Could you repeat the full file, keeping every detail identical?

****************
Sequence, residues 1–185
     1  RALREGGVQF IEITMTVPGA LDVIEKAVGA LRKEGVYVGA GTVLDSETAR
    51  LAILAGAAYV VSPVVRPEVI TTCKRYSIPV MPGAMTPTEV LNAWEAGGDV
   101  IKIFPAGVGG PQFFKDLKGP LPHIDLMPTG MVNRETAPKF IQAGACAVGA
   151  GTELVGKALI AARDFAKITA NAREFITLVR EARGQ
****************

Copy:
Sequence, residues 1–185
     1  RALREGGVQF IEITMTVPGA LDVIEKAVGA LRKEGVYVGA GTVLDSETAR
    51  LAILAGAAYV VSPVVRPEVI TTCKRYSIPV MPGAMTPTEV LNAWEAGGDV
   101  IKIFPAGVGG PQFFKDLKGP LPHIDLMPTG MVNRETAPKF IQAGACAVGA
   151  GTELVGKALI AARDFAKITA NAREFITLVR EARGQ